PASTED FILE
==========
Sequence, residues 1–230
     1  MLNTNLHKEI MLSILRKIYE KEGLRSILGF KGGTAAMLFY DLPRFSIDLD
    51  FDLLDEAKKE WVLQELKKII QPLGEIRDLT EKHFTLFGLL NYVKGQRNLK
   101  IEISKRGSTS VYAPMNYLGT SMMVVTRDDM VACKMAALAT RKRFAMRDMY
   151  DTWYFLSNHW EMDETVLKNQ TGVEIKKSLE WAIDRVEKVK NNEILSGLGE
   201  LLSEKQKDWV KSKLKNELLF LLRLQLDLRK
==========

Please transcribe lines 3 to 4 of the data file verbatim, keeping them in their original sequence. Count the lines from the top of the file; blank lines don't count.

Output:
    51  FDLLDEAKKE WVLQELKKII QPLGEIRDLT EKHFTLFGLL NYVKGQRNLK
   101  IEISKRGSTS VYAPMNYLGT SMMVVTRDDM VACKMAALAT RKRFAMRDMY